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Novell lets loose Tarantula

Novell is gearing up to spread its dominance of the network operating system market to incorporate intranets with a software bundle code-named Tarantula.

Novell is gearing up to spread its dominance of the network operating system market to incorporate intranets with a software bundle code-named Tarantula.

To be announced at the Internet World conference in late April, the Tarantula bundle will include software, licensed yesterday from desktop and Web utility vendor Quarterdeck, that makes it easier to connect NetWare clients to corporate intranets, a Novell spokesperson said.

With Quarterdeck's IWare Connect software, NetWare clients will be able to communicate with their internal Web servers over Novell's own IPX (Internet Packet eXchange) protocol. Until now, this could be achieved only by installing a separate TCP-IP stack on every desktop so that the client could understand the IP networking protocol that intranets use. Relieved of this burdensome step, NetWare LAN administrators will be much freer to build intranets that include their existing users, according to Novell.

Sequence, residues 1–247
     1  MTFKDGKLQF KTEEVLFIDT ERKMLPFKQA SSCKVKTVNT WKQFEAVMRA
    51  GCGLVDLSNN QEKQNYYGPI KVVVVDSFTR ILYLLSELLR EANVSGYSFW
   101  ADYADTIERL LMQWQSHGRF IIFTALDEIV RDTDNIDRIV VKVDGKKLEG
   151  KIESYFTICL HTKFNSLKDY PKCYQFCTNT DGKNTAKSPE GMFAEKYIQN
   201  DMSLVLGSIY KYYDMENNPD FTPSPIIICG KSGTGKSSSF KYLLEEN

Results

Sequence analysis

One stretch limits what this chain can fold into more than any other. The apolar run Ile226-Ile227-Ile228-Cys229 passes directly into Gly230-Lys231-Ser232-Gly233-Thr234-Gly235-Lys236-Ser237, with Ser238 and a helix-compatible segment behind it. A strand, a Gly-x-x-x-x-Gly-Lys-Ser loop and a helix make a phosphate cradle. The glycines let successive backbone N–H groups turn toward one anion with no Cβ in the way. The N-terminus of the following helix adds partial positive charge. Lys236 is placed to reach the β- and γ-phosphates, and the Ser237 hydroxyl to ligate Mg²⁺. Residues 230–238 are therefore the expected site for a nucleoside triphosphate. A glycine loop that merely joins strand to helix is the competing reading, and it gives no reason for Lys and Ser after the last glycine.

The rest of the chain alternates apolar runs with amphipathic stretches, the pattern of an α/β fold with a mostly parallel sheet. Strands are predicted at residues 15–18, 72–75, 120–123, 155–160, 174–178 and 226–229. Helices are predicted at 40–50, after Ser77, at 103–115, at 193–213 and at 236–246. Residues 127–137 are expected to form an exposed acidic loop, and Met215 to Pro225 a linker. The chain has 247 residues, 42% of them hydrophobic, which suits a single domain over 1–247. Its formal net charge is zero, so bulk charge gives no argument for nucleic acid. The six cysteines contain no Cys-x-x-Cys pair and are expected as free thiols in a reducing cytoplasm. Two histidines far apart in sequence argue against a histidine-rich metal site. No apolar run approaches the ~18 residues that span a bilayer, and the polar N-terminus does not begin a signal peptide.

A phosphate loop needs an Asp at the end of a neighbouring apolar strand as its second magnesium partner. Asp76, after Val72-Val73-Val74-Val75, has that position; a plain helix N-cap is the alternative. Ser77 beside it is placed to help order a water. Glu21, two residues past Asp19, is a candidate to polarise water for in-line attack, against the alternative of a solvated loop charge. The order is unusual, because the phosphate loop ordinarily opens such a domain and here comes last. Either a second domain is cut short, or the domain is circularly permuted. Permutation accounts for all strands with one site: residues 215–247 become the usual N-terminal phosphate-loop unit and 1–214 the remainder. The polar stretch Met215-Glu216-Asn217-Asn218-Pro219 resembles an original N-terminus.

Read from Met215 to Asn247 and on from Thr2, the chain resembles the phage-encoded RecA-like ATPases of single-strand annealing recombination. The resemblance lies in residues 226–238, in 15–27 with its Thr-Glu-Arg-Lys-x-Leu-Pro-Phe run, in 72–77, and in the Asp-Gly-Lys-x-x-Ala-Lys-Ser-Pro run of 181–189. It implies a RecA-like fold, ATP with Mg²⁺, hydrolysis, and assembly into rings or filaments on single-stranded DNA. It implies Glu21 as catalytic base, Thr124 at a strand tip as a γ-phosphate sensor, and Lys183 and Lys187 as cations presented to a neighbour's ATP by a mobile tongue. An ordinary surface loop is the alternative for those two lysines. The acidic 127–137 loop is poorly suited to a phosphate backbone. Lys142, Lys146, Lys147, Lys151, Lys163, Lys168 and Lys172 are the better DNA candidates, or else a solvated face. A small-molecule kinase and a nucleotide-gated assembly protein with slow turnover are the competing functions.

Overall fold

In addition to this critical connectivity software, the Tarantula suite will also include Novell's NetWare WebServer, Netscape Navigator 2.0, and an assortment of Web publishing tools, spokesman Ken Montgomery said. The suite is set to ship in April, but the company has not yet specified pricing.

Yesterday's announcement of a licensing deal with Quarterdeck comes less than two weeks after Novell broadly outlined its plans for linking its 50 million NetWare users to Internet-based technologies at its BrainShare conference for NetWare developers.

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